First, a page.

Shared goals are perhaps the most essential element of effective team dynamics. The adage "you can't score if you don't have a goal" is particularly relevant when it comes to interdisciplinary work teams. Shared goals refer to both goals related to project outcomes (e.g., the specific deadlines when a report or recommendation is due) as well as goals related to team dynamics (e.g., ensure each team member is recognized for his/her contributions to the final product.) Without shared goals, team members often find themselves working at cross-purposes. In this case "hidden agendas" and territorial battles begin to hijack the established processes, and trust within the team quickly erodes. For shared goals to be effective and accepted by team members the must be clearly stated, specific and measurable, relevant to the project requirements, and created through an inclusive process.
If shared goals are not universally accepted by team members, there are typically several underlying reasons for this. It is essential to understand these underlying reasons if there is any hope for solving the problem. Here are a few reasons why teams frequently lack shared goals:
- The initial requirements of the project were never well understood.
- The team members have changed over time.
- The project requirements have changed over time.
- The initial goals were mandated, rather than developed in a collaborative fashion.
- There are conflicting priorities.
When something is not described well in words, it indicates that the subject is not well understood. We have all experienced goals, mission statements, or strategies that made us scratch our heads and wonder what is really being described. Effective goals begin with a clear understanding of the project requirements and the process that will be used to meet these requirements. If you experience goals which are confusing or convoluted, it is important to step back and review the initial project requirements. You may need to interview a few team members who were around when the initial goals were crafted. Also review all historical documents such as memos, e-mails, policies, and meeting minutes in order to get a sense of the questions that were posed at the onset of the project and what answers were received or not received. It is important to remember that goals are always established based on the best information that is available at the time. Consider what new information was received after the goals was set and whether these should have caused the team to revisit the goals.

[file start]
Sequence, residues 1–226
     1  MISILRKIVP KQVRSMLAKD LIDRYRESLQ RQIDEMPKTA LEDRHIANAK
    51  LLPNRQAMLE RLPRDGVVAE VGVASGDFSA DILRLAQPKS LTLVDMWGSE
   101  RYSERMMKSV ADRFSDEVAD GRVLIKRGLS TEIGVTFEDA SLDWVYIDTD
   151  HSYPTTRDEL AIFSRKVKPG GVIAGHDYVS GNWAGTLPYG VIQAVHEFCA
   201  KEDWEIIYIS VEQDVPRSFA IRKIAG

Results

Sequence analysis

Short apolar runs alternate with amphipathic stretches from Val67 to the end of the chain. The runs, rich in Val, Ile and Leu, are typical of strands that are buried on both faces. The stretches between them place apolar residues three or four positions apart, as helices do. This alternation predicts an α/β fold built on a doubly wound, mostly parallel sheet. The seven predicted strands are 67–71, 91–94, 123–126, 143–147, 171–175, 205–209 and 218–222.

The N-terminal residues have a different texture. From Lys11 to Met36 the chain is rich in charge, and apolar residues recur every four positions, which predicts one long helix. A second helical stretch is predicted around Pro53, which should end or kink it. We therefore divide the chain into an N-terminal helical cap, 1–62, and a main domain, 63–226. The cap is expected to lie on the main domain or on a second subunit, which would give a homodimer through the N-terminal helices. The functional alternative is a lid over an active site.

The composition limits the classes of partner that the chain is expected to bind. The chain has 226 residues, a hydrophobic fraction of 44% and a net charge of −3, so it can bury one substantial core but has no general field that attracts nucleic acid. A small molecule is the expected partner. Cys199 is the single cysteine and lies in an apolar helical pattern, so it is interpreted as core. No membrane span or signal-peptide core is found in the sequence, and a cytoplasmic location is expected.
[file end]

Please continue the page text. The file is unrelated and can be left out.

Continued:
Take what you have learned from this review, and then convene a meeting with the team members to discuss the most appropriate way to revisit and revise the goals. One possible technique that is very effective for helping groups come to consensus on shared goals is called action learning. Action Learning is a group problem-solving process built on the principles of diversity; reflective questioning; and commitment to individual and group learning. In this strategy project members are brought together in-person or in a virtual environment by a group organizer or facilitator (also known as an "Action Learning Coach.")